BMW i4 eDrive40 M Sport - long-term review 2023 | Top Gear
BBC TopGear
BBC TopGear
Subscribe to Top Gear magazine
Sign up to our Top Gear Magazine
Tuesday 26th September
Long-term review

BMW i4 eDrive40 M Sport - long-term review

£54,075 / £63,975 as tested / £773pcm
Published: 27 Jul 2023

Can an electric BMW look, feel and drive... like a BMW?

The i4 feels like the exit point of a 10-year U-turn from BMW. From the swashbuckling audacity of the i3 (launched in 2013) and i8 (a year later) – both of which totally reimagined car design, materials and powertrain layout to stride boldly into our electric future – to this, a 4 Series Gran Coupe with its oily giblets removed and replaced with batteries. It hardly feels like progress, does it?

And yet, this is BMW listening to what the people want. Yes, the i3 and i8 were and still are wonderful cars, snapped up by a handful of early adopters and still cherished by ‘those in the know’, but they never sold in sufficient numbers to justify the colossal R&D input. What the mass market wants, it seems, is cars a lot like our old cars that just happen to run on electrons, not hydrocarbons.

Advertisement - Page continues below

Fair enough, but this presents BMW with a new problem. Whereas the i3 and i8 were allowed - no, needed - to feel new and unusual from behind the wheel, an i4 needs to slip into the established pack without so much as a ripple. A bit like the pure-electric Taycan had to drive ‘like a Porsche’ to be deemed a success, the i4 needs to drive ‘like a BMW’ to be doing its job properly. That’s to say it needs to be built like a Swiss bank safe, work faultlessly, and offer just enough driver engagement to elevate it beyond the other Germans… and the Koreans snapping relentlessly at its heels.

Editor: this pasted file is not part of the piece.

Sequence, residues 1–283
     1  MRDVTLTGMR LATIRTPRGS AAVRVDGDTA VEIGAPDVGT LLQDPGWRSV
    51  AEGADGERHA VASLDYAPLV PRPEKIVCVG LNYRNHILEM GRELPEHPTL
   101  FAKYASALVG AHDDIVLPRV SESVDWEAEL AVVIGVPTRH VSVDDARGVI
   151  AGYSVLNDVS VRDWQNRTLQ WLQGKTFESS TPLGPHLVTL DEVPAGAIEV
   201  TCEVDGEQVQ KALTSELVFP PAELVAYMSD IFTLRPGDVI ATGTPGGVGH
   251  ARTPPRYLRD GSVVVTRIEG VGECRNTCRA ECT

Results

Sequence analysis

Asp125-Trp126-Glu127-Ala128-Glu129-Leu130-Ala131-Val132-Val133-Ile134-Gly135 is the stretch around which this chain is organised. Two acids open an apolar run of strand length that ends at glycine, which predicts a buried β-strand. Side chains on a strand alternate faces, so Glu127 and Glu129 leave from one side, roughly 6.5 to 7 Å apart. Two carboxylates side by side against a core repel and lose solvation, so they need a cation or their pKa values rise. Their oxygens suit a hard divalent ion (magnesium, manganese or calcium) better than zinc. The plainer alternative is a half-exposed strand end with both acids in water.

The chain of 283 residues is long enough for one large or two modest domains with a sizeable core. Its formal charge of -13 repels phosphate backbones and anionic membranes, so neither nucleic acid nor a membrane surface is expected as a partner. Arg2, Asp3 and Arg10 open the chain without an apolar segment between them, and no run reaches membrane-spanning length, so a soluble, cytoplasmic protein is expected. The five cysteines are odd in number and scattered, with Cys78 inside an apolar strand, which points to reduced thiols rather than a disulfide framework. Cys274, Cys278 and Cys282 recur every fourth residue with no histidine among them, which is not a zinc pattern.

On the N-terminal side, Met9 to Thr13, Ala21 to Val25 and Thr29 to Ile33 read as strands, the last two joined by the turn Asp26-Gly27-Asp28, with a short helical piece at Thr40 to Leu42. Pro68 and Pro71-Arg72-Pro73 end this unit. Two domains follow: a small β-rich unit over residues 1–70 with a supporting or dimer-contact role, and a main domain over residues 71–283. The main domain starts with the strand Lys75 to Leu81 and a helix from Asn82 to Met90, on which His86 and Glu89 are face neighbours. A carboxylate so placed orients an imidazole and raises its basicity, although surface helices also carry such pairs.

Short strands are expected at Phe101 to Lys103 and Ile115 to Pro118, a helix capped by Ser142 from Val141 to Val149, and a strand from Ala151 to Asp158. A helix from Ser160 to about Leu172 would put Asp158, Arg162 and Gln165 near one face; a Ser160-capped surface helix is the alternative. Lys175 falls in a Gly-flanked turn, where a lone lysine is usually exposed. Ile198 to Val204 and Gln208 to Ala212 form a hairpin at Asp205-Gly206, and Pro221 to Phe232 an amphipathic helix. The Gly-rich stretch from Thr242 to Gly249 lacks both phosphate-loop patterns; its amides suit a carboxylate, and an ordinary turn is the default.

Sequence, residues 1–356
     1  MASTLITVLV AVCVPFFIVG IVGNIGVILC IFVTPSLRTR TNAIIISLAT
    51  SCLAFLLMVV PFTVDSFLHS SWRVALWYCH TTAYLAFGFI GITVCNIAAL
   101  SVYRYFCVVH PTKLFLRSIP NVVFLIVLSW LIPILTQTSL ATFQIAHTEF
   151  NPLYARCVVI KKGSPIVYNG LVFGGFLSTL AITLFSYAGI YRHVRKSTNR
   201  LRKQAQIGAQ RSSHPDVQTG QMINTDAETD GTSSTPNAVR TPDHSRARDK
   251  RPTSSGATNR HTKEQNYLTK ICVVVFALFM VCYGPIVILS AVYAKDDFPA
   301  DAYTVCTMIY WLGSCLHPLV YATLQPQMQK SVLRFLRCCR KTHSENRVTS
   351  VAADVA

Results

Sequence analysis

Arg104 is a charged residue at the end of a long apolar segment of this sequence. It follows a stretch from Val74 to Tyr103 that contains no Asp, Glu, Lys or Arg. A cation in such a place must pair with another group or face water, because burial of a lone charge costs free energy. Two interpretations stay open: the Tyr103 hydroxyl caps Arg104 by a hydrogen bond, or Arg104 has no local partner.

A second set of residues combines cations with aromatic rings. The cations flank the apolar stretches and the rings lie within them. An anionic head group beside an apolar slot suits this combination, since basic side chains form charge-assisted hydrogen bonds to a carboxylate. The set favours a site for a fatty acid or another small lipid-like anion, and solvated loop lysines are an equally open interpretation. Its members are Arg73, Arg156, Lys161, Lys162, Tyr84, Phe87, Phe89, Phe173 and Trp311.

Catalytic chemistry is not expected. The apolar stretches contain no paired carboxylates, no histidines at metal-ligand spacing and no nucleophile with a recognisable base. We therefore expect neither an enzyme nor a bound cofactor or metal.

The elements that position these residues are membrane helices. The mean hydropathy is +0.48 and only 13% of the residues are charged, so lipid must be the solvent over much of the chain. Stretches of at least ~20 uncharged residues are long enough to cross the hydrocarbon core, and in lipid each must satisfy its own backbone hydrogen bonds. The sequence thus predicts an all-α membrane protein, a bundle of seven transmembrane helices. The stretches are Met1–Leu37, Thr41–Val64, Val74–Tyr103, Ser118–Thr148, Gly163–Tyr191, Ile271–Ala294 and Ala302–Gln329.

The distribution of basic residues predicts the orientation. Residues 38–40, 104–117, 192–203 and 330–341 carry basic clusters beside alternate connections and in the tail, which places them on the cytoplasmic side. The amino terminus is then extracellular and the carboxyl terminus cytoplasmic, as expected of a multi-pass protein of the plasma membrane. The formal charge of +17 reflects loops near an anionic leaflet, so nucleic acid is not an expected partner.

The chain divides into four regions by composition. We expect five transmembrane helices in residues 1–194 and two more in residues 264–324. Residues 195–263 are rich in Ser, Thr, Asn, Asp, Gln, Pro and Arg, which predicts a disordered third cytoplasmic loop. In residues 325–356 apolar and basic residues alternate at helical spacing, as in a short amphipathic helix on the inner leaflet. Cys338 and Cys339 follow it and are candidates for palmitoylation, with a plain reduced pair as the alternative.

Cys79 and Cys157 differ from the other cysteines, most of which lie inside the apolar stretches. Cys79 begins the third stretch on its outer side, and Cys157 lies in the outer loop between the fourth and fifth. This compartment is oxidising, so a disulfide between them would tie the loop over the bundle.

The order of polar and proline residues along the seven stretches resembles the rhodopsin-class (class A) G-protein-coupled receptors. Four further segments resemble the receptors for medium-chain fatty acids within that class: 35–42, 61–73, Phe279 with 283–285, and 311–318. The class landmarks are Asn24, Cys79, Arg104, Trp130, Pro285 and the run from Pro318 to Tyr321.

Whether BMW has achieved this subtle but important task, we’ll be investigating thoroughly over the next few months. But first, allow me to introduce our BMW i4 eDrive40 M Sport, resplendent in Brooklyn Grey (£695) and Tacora Red with Black Contrast Stitching Vernasca Leather (£1,300) which smells fantastic, for now at least.

Also bundled in we have the Technology Pack (£1,900) with the Harman/Kardon audio and wireless charging pad, the Comfort Plus Pack (£1,950) with heated steering wheel and electric seats and the M Sport Pro Pack (£2,500) which adds M Adaptive suspension, variable sport steering and a 19-inch Y-spoke alloys. We also have a towbar (£1,000) for some reason. We can have fun trying to get use out of that. All-in £63,975 including options… dare I say that feels quite reasonable? What’s happening to me.

Advertisement - Page continues below
compare car finance
Powered byZuto Logo
more on this car
Take one for a spin or order a brochure
Powered byRegit Logo

Subscribe to the Top Gear Newsletter

Get all the latest news, reviews and exclusives, direct to your inbox.

By clicking subscribe, you agree to receive news, promotions and offers by email from Top Gear and BBC Studios. Your information will be used in accordance with our privacy policy.

BBC TopGear

Try BBC Top Gear Magazine

Get your first 5 issues for £5